Applied Health Research Unit (AHRU)
The AHRU, led by Eva Morris and Sasha Shepperd, aims to drive improvements in health care and outcomes through translational research and methodological innovation.
Our research focuses on:
- understanding variation in incidence, prevalence, treatment pathways and health outcomes,
- evaluating the effectiveness and cost effectiveness of health services in relation to a range of diseases and health problems,
- evaluating the equitable implementation of effective interventions to improve health and avoid research waste.
We advocate for the robust and innovative use of data to generate evidence to guide the design and delivery of effective and equitable health services to improve population health. We do this by conducting epidemiological research, and evidence synthesis to place our research within the context of existing evidence, randomised trials, surveys and qualitative research.
The group’s linked data assets, include national and regional hospitalisation records which run from 50 years ago to the present day, national mortality (civil registration) records, cancer registry data, and primary care records which provide extensive research opportunities. Methodological approaches developed for these datasets complement those required for other datasets in Oxford Population Health that also link to hospitalisation and other routine clinical data (such as the Million Women Study, UK Biobank, and large clinical trials), providing efficient means for testing specific hypotheses in more depth.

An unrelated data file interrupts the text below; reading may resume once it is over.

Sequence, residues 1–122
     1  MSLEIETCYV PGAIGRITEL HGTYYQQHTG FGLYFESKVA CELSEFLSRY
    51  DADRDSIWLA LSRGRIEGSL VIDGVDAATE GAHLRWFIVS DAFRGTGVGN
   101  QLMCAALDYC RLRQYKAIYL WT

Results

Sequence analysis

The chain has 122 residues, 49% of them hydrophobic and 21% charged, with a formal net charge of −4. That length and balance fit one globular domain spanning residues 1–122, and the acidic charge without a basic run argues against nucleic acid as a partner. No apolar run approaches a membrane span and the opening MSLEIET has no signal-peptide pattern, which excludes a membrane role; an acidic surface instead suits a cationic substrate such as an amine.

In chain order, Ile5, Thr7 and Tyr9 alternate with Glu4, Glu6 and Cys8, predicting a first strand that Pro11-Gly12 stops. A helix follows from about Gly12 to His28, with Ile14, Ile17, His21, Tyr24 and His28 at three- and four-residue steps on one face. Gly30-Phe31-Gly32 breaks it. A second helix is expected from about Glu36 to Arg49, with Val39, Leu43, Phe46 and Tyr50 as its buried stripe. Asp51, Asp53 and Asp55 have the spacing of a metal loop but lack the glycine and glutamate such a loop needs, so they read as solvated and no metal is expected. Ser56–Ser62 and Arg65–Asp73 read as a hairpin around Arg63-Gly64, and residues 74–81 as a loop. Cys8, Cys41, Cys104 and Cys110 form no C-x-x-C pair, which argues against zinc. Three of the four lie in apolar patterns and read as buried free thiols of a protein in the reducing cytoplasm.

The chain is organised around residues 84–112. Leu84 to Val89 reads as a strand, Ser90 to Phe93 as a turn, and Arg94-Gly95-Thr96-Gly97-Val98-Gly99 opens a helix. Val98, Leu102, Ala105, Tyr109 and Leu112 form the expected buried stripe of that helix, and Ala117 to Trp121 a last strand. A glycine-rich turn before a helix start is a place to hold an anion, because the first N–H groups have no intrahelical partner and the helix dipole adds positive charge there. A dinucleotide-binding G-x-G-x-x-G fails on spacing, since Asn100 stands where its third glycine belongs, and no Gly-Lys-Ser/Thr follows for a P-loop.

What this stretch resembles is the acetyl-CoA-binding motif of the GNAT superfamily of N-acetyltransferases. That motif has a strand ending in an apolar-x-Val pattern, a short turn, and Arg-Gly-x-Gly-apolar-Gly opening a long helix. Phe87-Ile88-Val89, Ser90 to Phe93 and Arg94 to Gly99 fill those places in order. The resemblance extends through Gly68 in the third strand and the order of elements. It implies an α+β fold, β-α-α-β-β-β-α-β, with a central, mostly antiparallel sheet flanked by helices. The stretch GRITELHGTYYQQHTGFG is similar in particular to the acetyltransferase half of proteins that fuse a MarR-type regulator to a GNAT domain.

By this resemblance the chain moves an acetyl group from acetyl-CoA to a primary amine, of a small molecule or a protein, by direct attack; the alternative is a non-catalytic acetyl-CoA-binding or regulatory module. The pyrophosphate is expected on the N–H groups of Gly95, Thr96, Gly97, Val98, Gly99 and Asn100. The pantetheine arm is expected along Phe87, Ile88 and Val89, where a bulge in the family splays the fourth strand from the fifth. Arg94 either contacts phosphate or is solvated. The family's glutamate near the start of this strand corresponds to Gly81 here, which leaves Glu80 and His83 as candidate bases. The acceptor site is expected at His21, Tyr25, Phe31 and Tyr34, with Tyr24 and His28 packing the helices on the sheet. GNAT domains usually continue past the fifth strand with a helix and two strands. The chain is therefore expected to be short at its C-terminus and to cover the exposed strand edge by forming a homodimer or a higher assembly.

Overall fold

We train the next generation of researchers through teaching on the MSc Global Health Science and Epidemiology and the MSc in Clinical Trials courses, supervising doctoral students and supporting research fellowships. We are a part of a new national hub, Research Support Service (RSS) which provides researchers with support before and after funding application to deliver high quality applied health, public health and social care research.
patient and public engagement (PPIE)
We are committed to forming active partnerships with patients and the public to ensure our research reflects peoples’ priorities, experiences and values. Embedding PPIE in our projects improves the governance, communication, and ultimately, the impact our research will have on peoples’ lives and the delivery of health services. We work closely with the Oxford Population Health Public Advisory Panel.